The website, complete with his dad’s graphics, provides a downloadable information pack plus timetables. Tom built the website himself using a toolkit provided by www.123-reg.com, and very smart it is, too. It plays to the children who will travel with him but he also leafletted all the passengers at the end of term so they had something to take home for mum and dad, and the result has been that the majority of the term passes – which Tom manages himself – have now been bought for the autumn term.
Tom’s a frugal fella, and created all his leaflets on a home printer: “It was very basic, but it worked. A lot of the payments were made directly after the flyers went out, so I’ve already sold most of them,” said Tom. He’s limited, of course, by the number of seats on the bus: “But I also provided ways to pay by BACS and by cheque.”
This summer has been spent getting his bus up to scratch, with the usual demands for CCTV, seatbelts and wheelchair space, all of which carried over on the vehicle. However, Tom did find he needed a ticketing system for the limited number of passengers who pay cash to board. He rummaged through his stock of scavenged bits and pressed a Wayfarer 2 into service.
As you’d expect with someone so fastidious, Tom has already run the numbers on a spreadsheet and calculated that, with all the schools fares in, he covers all the fixed costs of running the vehicle. The next stage will be filling the rest of the day with additional hire on which he should see a good profit. He’s already had enquiries for swimming trips and the usual gamut of school work, and that also suits Grant.
“With schools work leaving our business remit, Tom will be doing us a favour,” said Grant. “But we’re increasingly asked to assist in school work – it’s important we help as part of maintaining a good relationship with the local authority. Tom will therefore help fill a niche for ourselves.”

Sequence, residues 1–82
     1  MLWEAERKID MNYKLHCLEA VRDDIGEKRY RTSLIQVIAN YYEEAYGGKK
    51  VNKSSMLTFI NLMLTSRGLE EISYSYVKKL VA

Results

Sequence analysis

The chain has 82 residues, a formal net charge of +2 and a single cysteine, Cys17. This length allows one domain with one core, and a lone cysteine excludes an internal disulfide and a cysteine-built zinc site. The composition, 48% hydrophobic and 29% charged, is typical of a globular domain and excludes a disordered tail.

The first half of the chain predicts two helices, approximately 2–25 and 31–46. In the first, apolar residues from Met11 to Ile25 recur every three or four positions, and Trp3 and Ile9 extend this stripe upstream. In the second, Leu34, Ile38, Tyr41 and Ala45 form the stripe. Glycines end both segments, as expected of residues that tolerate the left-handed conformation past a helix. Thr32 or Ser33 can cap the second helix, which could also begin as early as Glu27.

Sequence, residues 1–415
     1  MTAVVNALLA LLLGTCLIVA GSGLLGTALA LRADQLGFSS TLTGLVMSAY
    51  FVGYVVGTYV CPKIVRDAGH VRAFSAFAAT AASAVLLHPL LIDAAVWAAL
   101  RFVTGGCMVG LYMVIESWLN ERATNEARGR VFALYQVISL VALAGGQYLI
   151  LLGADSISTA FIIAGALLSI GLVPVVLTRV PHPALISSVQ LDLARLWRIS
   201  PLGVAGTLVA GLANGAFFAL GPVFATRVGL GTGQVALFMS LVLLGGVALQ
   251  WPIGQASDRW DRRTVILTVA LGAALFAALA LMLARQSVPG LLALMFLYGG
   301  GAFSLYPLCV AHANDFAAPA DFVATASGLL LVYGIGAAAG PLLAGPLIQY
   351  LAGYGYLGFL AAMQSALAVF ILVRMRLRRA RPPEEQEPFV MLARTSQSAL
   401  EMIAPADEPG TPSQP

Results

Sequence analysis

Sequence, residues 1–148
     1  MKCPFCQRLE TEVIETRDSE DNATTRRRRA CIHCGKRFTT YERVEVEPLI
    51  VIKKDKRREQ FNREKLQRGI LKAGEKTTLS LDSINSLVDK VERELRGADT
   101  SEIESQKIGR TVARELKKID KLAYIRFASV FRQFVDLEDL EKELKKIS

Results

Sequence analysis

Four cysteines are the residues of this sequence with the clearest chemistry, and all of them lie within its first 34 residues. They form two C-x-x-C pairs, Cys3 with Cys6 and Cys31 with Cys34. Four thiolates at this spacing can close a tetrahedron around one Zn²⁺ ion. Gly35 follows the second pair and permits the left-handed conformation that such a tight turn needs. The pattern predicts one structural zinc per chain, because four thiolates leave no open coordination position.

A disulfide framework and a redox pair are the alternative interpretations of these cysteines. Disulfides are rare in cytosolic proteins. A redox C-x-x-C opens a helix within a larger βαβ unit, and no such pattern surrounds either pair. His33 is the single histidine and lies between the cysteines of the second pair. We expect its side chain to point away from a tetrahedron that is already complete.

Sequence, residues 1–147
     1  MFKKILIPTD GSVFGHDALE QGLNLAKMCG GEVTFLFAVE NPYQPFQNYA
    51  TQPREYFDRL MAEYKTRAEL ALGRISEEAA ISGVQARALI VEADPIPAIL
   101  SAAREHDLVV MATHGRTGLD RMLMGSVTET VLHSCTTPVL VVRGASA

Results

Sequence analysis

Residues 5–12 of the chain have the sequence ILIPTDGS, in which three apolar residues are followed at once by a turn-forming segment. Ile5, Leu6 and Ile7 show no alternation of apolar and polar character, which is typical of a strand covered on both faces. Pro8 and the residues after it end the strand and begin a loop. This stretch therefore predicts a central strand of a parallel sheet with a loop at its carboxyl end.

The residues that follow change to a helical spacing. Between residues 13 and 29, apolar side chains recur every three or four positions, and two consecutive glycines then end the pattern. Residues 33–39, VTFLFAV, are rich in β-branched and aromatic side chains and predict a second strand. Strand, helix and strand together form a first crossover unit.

Tom will be bidding for tenders when they are issued, but is sanguine about winning them: “Daily rates have gone down to under £200 a day. It seems to me that schools want ever more extra kit for less money. So I’ll bid with profitable pricing and if I don’t win any, I won’t be disappointed. So far, nothing has come up which interests me.”
Tom strongly makes the point that he won’t be running before he can walk, but is planning ahead to get his second disc on a bus screen at some time: “Employing people brings a lot of extra paperwork,” he says. But if he wins another contract, he’ll bite the bullet, in the knowledge that that there’s an economy of scale in employing a second or third person. By that time, he thinks, he’ll be in his own premises.
For now, WeberBus will be based at Grant Palmer’s premises as Tom finds his feet. That gives him access to its impressive workshop facility and bus wash as well as parking. The sparkle in Tom’s eyes suggests to me that he can’t wait to get going . . .
MORE TO COME…
Tom’s among many young people in the bus and coach industry who deserve our support, and the part Grant Palmer has played in Tom’s budding career cannot be understated.
Maybe Grant saw something of himself in the young lad who started work with him before he’d hit 20 years old. Nine years down the line, as Tom starts his bus company, I got the feeling that Grant is proud of him. He should certainly be proud of his contribution to Tom’s career.
There are youngsters like Tom throughout the industry behind a steering wheel, in the workshop or behind a desk who deserve our support. Please nominate your young people for a Pride & Joy All Stars award, and we’ll feature the winners in this magazine.
It’s now easier than ever; just go to the All Stars Facebook page (www.facebook.com/PrideandJoyAllStars) and send us a message about them. B&CB and Pride & Joy Clothing will do the rest.
Incidentally, if you want to know how Tom gets on, stick with us. Tom has agreed to do a monthly blog of his progress, and perhaps you can help him out with a few hints and tips.
Mark Williams, Group Editor